MobileMe
A little background: I had been a .Mac subscriber since it’s inception as iTools. I dropped .Mac back in October of last year. I could no longer justify $99/year (well, actually about $75/year, the average price for renewal through Amazon) for email, iDisk and synching. With free alternatives like Gmail, DropBox, Box.net and a little Automator magic, I’ve been content since I left .Mac behind. The one feature I missed above all others though, was syncing. When I dropped .Mac, I lameneted that the one feature that could have brought me back was push email/calenders/contacts. Well, essentially that is what MobileMe is: Push email/calendars/contacts married with .Mac, and a new web based interface for all of the services features. I’m not sure if the general public will see this as enough to erase the bad memory of .Mac, but in my eyes it was. I purchased a .Mac family pack yesterday ($129 at Amazon) and look forward to it’s conversion to MobileMe in early July.

Third Party Apps
The third party apps demo ran for nearly half the entire keynote yesterday. Personally, I would have rather Apple debuted some new hardware, but it’s a testament to Apple’s belief in their developers (and this is a developers conference, right?) that they gave them nearly 60 minutes of keynote time to showcase their wares. It’s amazing to see what the developers have cooked up with just 3 months of time. The young Brit who demoed his app “Band” is about to become a millionaire. If he doesn’t walk away from WWDC with iFund money, I’d be shocked.

I believe in 6 months time the developer community will have cemented the iPhone as the third largest computing platform, right behind Windows and the Mac. I believe in 18 months time you will see the iPhone pass the Mac for a larger installed base, and essentially become the first new successful computing platform of the 21st century.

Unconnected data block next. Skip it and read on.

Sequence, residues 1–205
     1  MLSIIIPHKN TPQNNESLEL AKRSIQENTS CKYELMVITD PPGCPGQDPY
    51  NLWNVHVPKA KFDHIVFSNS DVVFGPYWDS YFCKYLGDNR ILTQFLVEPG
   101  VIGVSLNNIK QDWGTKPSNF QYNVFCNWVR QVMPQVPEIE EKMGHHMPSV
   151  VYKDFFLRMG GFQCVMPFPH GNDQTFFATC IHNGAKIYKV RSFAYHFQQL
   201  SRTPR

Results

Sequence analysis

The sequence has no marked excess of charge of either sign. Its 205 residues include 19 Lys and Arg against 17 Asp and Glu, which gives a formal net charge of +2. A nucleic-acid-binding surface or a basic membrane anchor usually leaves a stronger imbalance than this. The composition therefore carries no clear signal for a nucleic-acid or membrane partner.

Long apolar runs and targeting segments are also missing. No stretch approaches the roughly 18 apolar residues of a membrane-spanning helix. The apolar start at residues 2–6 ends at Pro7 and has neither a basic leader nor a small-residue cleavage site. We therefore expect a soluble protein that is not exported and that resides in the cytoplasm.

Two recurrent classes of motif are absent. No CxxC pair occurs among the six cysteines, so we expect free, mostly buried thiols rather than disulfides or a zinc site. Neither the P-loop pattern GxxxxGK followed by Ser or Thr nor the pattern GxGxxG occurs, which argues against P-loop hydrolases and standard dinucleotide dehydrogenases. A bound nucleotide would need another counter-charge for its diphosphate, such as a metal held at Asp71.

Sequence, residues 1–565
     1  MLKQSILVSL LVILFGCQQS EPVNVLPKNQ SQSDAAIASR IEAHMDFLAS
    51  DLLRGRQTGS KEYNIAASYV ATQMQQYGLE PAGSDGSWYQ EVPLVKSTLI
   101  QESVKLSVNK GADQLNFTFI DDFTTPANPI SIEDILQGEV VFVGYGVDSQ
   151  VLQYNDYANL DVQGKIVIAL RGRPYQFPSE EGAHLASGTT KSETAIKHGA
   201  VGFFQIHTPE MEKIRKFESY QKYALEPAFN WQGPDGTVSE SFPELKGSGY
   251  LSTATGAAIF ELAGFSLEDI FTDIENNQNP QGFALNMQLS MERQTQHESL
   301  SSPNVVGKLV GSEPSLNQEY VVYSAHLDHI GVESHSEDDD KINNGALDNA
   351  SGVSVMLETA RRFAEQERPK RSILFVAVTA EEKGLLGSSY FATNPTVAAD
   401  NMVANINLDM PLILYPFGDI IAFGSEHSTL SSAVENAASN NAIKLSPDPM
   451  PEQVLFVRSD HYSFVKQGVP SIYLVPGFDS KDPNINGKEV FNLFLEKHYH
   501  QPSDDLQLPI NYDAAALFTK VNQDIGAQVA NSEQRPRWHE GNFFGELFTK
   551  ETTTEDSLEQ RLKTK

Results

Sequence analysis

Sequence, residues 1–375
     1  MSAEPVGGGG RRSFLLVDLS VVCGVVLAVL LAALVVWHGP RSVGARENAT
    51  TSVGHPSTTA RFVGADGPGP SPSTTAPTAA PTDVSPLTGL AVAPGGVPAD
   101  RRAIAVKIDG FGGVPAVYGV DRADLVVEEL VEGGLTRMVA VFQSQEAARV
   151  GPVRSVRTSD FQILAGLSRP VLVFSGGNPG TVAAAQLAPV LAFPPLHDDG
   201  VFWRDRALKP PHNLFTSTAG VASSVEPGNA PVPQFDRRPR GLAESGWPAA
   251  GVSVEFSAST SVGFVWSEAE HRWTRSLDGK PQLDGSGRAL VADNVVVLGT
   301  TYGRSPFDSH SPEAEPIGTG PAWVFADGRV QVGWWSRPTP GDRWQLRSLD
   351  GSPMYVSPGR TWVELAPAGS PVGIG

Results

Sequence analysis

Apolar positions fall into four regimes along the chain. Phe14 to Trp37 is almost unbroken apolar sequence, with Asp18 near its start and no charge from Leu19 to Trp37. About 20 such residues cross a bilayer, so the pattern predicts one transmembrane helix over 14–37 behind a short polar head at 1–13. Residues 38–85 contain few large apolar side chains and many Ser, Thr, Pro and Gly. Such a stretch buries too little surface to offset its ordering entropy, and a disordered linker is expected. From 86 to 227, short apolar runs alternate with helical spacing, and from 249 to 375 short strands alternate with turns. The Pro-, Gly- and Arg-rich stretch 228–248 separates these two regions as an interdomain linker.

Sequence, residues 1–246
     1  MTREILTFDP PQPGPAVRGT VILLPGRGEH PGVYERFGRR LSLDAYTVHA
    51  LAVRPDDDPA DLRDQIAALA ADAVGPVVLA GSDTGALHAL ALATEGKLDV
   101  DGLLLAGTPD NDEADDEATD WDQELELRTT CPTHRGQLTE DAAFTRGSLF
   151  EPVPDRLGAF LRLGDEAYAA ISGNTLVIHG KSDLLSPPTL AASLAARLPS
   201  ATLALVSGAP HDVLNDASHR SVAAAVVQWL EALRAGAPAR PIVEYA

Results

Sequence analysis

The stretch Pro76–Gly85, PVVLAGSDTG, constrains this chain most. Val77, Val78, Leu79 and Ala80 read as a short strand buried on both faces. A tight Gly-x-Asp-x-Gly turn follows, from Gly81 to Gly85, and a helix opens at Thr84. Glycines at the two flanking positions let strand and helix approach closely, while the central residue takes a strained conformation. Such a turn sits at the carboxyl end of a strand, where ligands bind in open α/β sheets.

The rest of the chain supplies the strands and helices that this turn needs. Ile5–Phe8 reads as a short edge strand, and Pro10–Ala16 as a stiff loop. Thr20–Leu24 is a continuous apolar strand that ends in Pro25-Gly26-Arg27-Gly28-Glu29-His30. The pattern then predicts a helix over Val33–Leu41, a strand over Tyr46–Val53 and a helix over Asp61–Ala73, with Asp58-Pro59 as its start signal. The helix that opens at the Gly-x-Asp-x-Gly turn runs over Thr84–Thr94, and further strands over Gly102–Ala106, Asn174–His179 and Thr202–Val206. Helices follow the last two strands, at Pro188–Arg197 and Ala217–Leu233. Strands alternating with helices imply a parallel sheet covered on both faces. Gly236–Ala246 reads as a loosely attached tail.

Back in 1996, before he rejoined Apple, Steve Jobs was asked if he were running Apple, what would he do to fix it. His answer: milk the Mac for all it’s worth, and get busy on the next big thing. Clearly, the iPhone as a computing platform is the next big thing. I don’t think the Mac is going away any time soon, but it’s pretty clear to see that the iPhone is Apple’s current darling.


Category: Apple,iPhone

Apple sells out (WWDC)

For the first time in the history of Apple’s Worldwide Developers Conference, the event has sold out.

I attended the event last year, and the 4000 plus attendance was one of the largest showings to date. It’s pretty safe to say that this year’s record attendance is fuled by the dual punch of new iPhone developers and increasing Mac sales.

Great news for Mac users, as WWDC attendance is a great barometer for interest in the platform.


Category: Apple,Developers,News

About the author

A user of Macs since they had silly names like Performa and Centris, Theodore Lee is a techie who prides himself on his vast knowledge of all things Apple. OS X Factor was started in 2001 (originally as macosxcentric), and continues to churn out tips, tutorials, reviews and commentary on the tech sector.